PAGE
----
• Alicen, I think it would work for a quick heat up, but I hesitate to suggest the method to my readers. The squash tureen is heavy and awkward. There are no handles. It could be a recipe for disaster or a very bad spill.

      I think simply having the pumpkin or squash at room temperature and the soup very hot when it goes in is probably best.

  3. ok, this is SO going on my thanksgiving table. i have a garden filled with buttercup squash right now. i might have to make individual little bowls for everyone that comes over!

    • Molly – Yeah!! Buttercups would actually be perfect for individual bowls. Do them a day or three in advance. They keep like a carved pumpkin – perfectly fine if they are kept cool.

  4. This is beautiful! And I’m with you: I try to keep serving pieces pared down. We’ve lived in 3 different states in the past 3 years, and I just can’t move something that I use once a year.

  5. Wow, I think this is so impressive and quite beautiful! Such a simple idea with a gorgeous result. You’re my hero!! Really, not a joke, but also not in a weird way! 🙂

    • Brooke, thank you. That is the beauty of bringing natural elements to the table. They don’t need dressing up; they shine on their own. I’m sharing my entire Thanksgiving tablescape next week, so stay tuned. 😉

  6. We are planning a healthy seasonal party for friends soon and this squash tureen and your turkey roulade just made the menu! Where did you find such a lovely squash? I am headed to a pumpkin patch today and will see what I can find.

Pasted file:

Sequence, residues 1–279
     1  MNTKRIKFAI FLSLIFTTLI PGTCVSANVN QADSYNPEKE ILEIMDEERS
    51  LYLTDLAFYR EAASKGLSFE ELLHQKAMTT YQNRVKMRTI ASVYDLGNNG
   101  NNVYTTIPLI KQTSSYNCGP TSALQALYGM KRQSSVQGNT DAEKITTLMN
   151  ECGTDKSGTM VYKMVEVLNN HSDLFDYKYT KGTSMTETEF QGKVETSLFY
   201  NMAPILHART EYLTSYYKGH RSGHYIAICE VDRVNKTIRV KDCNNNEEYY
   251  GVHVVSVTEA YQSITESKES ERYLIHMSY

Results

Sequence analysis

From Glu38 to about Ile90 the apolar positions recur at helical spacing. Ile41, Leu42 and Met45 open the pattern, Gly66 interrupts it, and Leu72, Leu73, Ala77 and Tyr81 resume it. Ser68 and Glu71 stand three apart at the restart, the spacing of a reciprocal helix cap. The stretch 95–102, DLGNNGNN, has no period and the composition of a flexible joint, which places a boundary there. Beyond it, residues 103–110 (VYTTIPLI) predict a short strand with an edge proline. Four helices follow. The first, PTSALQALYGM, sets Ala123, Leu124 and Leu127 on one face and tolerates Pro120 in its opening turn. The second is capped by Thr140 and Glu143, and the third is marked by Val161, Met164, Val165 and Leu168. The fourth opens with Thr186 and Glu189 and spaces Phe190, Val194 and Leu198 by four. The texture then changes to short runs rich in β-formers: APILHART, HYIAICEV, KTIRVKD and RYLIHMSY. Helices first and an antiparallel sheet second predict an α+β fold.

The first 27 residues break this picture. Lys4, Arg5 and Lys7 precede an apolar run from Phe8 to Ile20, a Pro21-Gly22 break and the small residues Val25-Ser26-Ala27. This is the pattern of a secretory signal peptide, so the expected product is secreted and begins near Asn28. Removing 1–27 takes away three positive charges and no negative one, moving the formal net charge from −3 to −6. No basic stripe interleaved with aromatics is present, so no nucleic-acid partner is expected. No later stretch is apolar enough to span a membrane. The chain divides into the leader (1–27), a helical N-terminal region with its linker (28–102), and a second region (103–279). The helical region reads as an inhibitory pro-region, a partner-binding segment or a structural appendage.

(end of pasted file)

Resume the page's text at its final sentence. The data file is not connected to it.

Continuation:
• Too cool, Jennifer! That sounds like an awesome party. The roulade is SO good!

      There were so many winter squash to choose from at a local farm stand when I bought this one! It made the cut because I estimated it could hold soup for about 8ppl.

      Happy pumpkin hunting.

  7. Great idea! So many uses for the squash family…I once made mac and cheese and filled a hollowed out pumpkin with it, topped with a little more cheese, and baked until the flesh was soft. It stayed a nice shape and with each scoop of pasta came some delicious pumpkin. Yum! (Note: make sure your pasta is hot when you put it in your pumpkin or squash or it won’t heat all the way through by the time the flesh is cooked. Also, bake in the serving dish so you don’t have to move it!)

  8. That is the prettiest thing EVER.

  9. I love the idea and the look. I just finished reading Ruth Reichl book Tender at the Bone — are you familiar with it?? She did a soup using the whole pumpkin and as she served the soup you scooped up part of the pumpkin. I am fascinated by all that she did. I love the look of your soup and I’ve always wanted a soup tureen but there are other things I would like before that kind of luxury. Great photos — thank you for the recipe.

  10. Soooo fun Aimee! Definitely going to try this soon!

  11. I love that you re-purposed the squash and used it as a bowl! Such a fun idea!

  12. Oh wow! I’m always so enamored with all the lumpy, strange winter squash varieties –– that Blue Hokkaido is amazing. And I love the suggestion of a using white pumpkin, it would be so striking with a darker soup.

  13. Love this idea! So festive!

  14. I love this- I am seriously into baking in whole pumpkins and squash and the free “bowl” is stunning.

  15. I love this so much! Such a great idea and even better that you roasted it the next day for another dish. So going to use this idea.

  16. Such a pretty squash. I adore squashes, but I have yet to try that variety.
    I love that you pureed the squash tureen for future pies and such. Yum! I really think you can’t go wrong with having a freezer full of squash/pumpkin puree. It’s just so useful for everything from pies/cookies/muffins to even mac & cheese and savoury uses!

  17. LOVE this idea & I must try it out for the holidays 🙂

  18. This may be a dumb question but did you add something with the roasted squash as you pureed it? I made the tureen (awesome!) and roasted it, but now I’m not sure what to do with it before I store it away for future recipes. Maybe I should have figured that out before I made the tureen…:)